Vestibular Neuritis

 

By

Dr. T. Balasubramanian M.S. D.L.O.

 

 

 

Synonyms: Neurolabyrinthitis, acute unilateral peripheral vestibulopathy

Definition: Vestibular neuritis is defined as a disorder in which there is sudden, spontaneous, isolated, total or subtotal loss of afferent vestibular input from one labyrinth. This condition is one of the commonest causes of spontaneous vertigo.

Etiology: Viral infection of the vestibular nerve has been attributed to be the cause. Herpes simplex type I virus proteins have been demonstrated using PCR in these patients. In majority of cases of vestibular neuritis the superior division of the vestibular nerve is affected. The bony canal through which the superior division will have to travel is longer and narrower than that of the inferior division, thus making it more vulnerable to inflammatory insults.

 

Clinical features:

1. Acute spontaneous vertigo

2. Associated with nausea and vomiting

3. Intensity of vertigo increases by the hour

4. Can be minimized by keeping the head still

5. Aggravated by active movements of head

6. When attempting to walk the patient becomes unsteady and sways towards the side of affected

labyrinth

7. Symptoms gradually subside over the following days

Many patients may have residual imbalance which could last for months.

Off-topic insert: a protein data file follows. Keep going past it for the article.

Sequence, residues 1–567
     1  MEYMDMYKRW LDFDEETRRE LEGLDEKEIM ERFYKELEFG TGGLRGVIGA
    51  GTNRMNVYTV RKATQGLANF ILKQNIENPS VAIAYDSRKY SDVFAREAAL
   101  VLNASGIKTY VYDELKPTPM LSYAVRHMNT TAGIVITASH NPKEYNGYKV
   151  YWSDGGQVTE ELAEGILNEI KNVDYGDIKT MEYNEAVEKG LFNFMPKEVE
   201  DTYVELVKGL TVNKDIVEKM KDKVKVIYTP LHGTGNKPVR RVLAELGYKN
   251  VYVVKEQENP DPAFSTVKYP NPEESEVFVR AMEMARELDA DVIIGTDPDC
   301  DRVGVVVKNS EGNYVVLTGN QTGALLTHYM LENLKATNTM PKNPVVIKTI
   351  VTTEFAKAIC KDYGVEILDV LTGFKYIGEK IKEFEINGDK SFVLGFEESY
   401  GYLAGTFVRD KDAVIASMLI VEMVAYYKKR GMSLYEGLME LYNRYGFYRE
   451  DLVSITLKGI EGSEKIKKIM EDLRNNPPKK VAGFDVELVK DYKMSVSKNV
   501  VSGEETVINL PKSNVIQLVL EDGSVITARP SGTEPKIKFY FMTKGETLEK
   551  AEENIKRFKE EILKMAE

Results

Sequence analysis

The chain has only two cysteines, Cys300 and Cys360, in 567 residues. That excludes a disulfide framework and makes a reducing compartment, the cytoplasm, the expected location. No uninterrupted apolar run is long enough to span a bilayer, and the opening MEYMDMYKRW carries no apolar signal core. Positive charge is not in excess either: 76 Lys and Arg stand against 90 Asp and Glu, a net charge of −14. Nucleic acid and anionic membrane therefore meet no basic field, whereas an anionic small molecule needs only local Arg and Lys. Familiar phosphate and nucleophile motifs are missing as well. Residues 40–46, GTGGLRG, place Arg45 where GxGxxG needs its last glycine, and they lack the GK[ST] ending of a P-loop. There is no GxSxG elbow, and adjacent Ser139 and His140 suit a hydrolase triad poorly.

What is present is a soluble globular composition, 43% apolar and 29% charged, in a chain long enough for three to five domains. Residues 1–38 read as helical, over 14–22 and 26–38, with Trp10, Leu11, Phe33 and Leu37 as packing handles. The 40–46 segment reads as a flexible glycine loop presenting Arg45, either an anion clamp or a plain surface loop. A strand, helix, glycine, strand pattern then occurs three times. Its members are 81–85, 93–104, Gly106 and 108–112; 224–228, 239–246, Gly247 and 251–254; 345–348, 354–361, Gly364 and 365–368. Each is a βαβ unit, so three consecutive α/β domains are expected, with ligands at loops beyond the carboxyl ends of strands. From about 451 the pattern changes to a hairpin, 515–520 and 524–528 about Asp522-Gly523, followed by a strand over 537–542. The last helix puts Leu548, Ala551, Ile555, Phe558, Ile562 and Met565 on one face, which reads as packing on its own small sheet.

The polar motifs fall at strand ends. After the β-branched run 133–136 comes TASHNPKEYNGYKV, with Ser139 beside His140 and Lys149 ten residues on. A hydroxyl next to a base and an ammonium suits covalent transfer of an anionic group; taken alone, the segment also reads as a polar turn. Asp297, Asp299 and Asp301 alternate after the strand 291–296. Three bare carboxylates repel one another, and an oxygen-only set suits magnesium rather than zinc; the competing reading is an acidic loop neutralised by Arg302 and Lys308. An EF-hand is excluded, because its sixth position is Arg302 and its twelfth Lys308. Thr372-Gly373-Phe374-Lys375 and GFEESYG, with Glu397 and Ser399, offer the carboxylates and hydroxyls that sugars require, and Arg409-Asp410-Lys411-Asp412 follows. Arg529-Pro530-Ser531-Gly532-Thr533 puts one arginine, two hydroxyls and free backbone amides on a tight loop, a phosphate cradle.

During the acute phase these patients manifest with spontaneous horizontal torsional nystagmus. This nystagmus is unilateral, with the quick component beating towards the unaffected side. This nystagmus gets suppressed by visual fixation, and hence can be missed totally unless the visual fixation is removed.

Head impulse test: In this test the subject is asked to look at the nose of the examiner. The head is rotated to one side. In healthy subjects during the head rotation the eyes of the patient stays fixed on the nose of the examiner. In patients with vestibular neuritis, movement of head towards the affected side, the vestibulo ocular reflex is defective, hence the eye also moves towards the side of motion. This results in correcting saccadic movement of the eye when it attempts to refocus on the nose of the examiner.

Vestibular neuritis is a clinical diagnosis. Electronystagmography can be performed to record the nystagmus.

Differential diagnosis:

1. Meniere's disease

2. Labyrinthine infarction

Management:

1. Steroids

2. Labyrinthine sedatives

3. Antiviral drugs like acyclovir

4. Vestibular rehabilitation exercises







 






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